Full review of the Revopoint POP, a cost-effective 3D scanner ($549)
Who is Revopoint?
Revopoint started out in 2014 as a group of doctorate researchers digging into 3D capture technologies for face recognition and machine vision. They raised several million dollars in 2015 and 2017, enough to fund the launch of their first product, the Fingo S-1 Android tablet 3D scanner.
The team, operating out of China’s tech hardware capital Shenzhen, then founded Revopoint 3D Technologies Inc. to tackle the international 3D scanner market. And tackle the market it has, raising an astounding $2.2M via a Kickstarter campaign for the launch of the POP 3D scanner.
Enter the POP 3D scanner
Revopoint’s POP is an affordable, 2-in-1 3D scanner that uses structured infrared light (eye-safe) to 3D map the surface of an object or person, and an RGB camera to capture colors and textures. The same operating principle is behind Apple’s iPhone face recognition system and the Microsoft Kinect.
The POP is a affordable 3D scanner produced by Revopoint, a manufacturer based in China.
The POP Revopoint uses the structured light technology.
The POP can be used as a desktop 3D scanner with a tripod and automatic turntable, or as a handheld 3D scanner– either while connected to a PC, or to a smartphone with the HandyScan app for iOS/Android (and a power bank depending on your smartphone).
Its $549 starting price may seem hefty for those unfamiliar with the 3D scanner market, but it appears to be quite a steal when put into perspective with the usual $1,000 starting prices (for the very most entry-level options).
Different packages are available:
|POP 3D Scanner
|POP “Starter Kit“
|POP “Advanced Kit“
|– POP 3D Scanner
|– POP 3D scanner
– Automatic turntable
– Phone holder
|– POP 3D scanner
– Automatic turntable
– Phone holder
– Mobile kit (power bank and cables)
|$549 / €549
|$619 / €669
|$688 / €698
The main promises of Revopoint with the POP 3D scanner are portability, speed, and ease of use. How does the Revopoint POP live up to those claims?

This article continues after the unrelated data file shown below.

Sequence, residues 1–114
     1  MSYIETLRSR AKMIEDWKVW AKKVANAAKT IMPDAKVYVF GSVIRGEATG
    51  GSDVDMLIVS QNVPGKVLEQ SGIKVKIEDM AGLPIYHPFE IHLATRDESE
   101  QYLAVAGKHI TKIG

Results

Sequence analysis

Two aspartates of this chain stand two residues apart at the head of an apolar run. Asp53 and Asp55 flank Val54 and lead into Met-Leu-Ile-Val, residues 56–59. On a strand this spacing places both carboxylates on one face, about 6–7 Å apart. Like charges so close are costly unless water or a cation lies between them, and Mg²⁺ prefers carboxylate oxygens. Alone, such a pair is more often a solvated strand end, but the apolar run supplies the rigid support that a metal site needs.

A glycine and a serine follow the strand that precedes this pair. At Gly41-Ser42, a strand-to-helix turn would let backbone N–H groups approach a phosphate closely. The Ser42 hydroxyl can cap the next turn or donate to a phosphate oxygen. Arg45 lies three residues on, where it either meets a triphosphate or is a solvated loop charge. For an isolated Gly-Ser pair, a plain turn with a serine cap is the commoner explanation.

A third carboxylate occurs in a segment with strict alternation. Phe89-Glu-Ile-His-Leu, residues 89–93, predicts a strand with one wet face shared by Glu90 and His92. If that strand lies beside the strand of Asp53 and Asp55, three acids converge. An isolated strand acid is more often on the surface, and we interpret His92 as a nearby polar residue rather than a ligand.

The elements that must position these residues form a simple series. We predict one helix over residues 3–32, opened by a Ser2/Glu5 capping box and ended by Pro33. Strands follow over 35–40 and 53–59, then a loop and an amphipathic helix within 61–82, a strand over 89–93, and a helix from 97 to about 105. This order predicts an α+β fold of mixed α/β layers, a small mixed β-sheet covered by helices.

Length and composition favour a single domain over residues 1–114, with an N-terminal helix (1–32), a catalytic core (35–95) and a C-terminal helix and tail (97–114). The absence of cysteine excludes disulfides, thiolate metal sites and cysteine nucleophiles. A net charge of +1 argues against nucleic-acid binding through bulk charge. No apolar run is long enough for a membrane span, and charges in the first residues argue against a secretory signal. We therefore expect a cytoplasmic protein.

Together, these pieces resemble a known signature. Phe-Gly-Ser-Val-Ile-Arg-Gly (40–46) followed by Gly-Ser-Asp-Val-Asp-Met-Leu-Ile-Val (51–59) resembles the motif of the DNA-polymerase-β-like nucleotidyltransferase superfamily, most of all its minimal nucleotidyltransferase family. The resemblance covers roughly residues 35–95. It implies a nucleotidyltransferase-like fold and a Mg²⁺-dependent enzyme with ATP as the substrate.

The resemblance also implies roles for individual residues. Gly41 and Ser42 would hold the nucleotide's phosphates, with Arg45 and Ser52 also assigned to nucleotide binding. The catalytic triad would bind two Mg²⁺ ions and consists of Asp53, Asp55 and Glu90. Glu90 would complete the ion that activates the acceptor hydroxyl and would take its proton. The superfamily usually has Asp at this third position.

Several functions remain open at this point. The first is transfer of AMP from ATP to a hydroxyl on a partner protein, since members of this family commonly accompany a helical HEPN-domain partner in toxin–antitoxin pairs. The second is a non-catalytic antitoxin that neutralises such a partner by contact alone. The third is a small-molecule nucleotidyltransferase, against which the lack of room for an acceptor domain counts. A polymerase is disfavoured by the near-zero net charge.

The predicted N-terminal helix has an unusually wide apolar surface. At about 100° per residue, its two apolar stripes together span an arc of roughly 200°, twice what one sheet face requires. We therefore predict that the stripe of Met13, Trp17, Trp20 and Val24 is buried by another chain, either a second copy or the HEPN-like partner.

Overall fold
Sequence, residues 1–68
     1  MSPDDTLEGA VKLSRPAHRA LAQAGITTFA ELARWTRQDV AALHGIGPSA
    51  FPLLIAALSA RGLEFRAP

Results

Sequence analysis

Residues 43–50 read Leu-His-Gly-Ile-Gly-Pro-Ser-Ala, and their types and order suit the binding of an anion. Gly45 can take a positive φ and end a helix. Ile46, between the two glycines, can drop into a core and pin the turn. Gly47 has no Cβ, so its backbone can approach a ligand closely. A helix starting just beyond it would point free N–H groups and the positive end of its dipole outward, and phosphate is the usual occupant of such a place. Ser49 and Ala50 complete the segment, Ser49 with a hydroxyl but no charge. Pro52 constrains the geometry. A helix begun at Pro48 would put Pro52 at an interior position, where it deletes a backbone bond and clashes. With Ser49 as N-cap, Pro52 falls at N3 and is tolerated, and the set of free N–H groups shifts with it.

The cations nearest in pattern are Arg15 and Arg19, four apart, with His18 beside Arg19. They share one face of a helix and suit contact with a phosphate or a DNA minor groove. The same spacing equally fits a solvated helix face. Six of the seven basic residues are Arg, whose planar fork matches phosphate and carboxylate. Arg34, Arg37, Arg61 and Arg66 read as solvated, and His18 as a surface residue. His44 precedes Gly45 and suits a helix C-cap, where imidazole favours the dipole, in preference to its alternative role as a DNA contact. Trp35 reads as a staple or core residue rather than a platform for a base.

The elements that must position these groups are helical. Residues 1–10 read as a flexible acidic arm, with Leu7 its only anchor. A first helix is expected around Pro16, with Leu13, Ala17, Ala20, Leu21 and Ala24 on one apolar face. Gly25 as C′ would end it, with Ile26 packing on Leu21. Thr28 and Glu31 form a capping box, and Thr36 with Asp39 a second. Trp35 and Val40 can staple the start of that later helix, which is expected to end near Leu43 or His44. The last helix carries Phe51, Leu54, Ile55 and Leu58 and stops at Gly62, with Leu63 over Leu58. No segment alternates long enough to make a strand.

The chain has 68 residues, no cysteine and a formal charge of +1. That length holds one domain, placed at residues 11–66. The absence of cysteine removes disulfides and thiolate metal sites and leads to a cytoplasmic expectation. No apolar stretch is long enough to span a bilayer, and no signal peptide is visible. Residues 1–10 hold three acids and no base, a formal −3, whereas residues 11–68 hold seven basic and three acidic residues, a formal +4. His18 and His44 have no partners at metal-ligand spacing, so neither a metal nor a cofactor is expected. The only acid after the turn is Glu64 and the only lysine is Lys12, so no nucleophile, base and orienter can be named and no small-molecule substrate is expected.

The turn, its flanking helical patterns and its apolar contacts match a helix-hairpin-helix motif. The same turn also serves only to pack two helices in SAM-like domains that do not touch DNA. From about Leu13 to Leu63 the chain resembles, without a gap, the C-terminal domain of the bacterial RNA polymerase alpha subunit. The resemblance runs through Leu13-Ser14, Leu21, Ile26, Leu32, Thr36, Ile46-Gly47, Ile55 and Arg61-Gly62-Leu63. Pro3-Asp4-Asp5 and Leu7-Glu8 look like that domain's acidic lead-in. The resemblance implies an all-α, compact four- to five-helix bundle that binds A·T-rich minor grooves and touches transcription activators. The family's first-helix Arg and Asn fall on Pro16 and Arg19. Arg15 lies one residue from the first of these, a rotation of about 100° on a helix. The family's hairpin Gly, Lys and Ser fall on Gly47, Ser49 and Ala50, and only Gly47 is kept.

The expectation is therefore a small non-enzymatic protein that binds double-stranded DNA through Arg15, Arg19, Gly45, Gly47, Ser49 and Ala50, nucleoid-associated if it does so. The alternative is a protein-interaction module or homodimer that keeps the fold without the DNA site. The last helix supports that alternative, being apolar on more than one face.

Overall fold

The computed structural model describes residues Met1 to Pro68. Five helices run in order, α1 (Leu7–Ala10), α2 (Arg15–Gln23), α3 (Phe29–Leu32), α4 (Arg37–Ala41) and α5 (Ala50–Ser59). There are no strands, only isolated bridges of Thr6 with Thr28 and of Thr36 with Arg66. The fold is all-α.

Before we dig into the full review, here’s our quick summary of the POP’s pros and cons.
- Good price-performance ratio on simple objects
- Versatile format: 2-in-1 desktop and handheld scanner
- Highly sensitive: the scanner often loses track of the object
- Limited software functionalities and UX, with frequent freezing problems
- Requires a Wi-Fi hotspot for smartphone scanning
After the Revopoint team confirmed the POP had been shipped (seemingly from a French Amazon warehouse), it quickly arrived just two days later at my office in Troyes.
The POP package– the “Starter Kit” at $619– I received came with:
- POP 3D scanner
- Automatic turntable
- Tripod and attachable smartphone holder
- 2 USB (A and C) to Micro USB B cables to connect to the scanner
- Small sample statue
- Set of markers
- Slab of Blu-Tack
- Pair of black rubber gloves
- Black plastic table cover
- USB key with Revopoint’s HandyScan software and instructions PDF
The POP, the tripod, and the USB cables were nested inside a dedicated box with foam cutouts. Everything else was separately packed next to that box inside a larger, Revopoint-branded cardboard box.
The POP scanner is composed of two infrared cameras for geometry acquisition and one RGB camera for color acquisition. The device itself is quite simple, with a straightforward design and just one Micro USB B 3.0 port (practical!). It’s also very lightweight at only 23 grams. There is a small LED light that is blue when the scanner is connecting to a PC or phone and green once it is connected.
In terms of manufacturing quality, the casing is made of basic black plastic, and the tripod isn’t extremely robust or stable, but I wouldn’t expect much more with a sub-$600 budget.
Software and computer requirements
The Revopoint POP scanner comes with a proprietary software called HandyScan, a familiar name in the 3D scanning world (a nod to Creaform’s flagship product?).
You can download the software from Revopoint’s site or use the included USB key. I downloaded the software from their site to be sure I had the latest version. It’s a fast download, and installation is done in no time, whether on macOS or Windows. The file size is 116MB for Windows and just 47.5MB for Mac.
Revopoint doesn’t indicate much on their site in terms of minimum PC requirements, simply stating that:
- Windows computers must run on Windows 8 and up with at least 4GB of RAM
- Apple computers must run on macOS 10.15 and up and with at least 4GB of RAM
- Android devices must run on Android 6.0 and up with at least 4GB of RAM
- and iOS (iPhone 7 and up) devices are only compatible via a Wi-Fi connection
Note that with most smartphones, the POP needs to be tethered to a power bank (not included in the standard package) in order to work. Some recent smartphones can however be directly tethered to the POP and used as a power bank (e.g. HTC U11, Huawei Mate 20, Huawei Mate 30, Huawei Mate 40, Xiaomi Mi 10).
I used both a Windows laptop and a Macbook for this review, with the following specifications:
- HP Pavilion Gaming 15-dk0082nf on Windows 10
- Intel i5
- 8Go RAM
- NVIDIA GeForce GTX 1650
- MacBook Pro 2020 on macOS 11.1
- Apple M1 chip (Intel i7 equivalent)
- 8Go RAM
I also did some quick tests with a Xiaomi Note 9 smartphone and an iPhone 12. The results weren’t very conclusive, so I focused this review on results obtained from the Windows setup as it worked the best.
Getting started and workflow
While installing the software is easy and fast, connecting the 3D scanner– and keeping the connection going– is something else.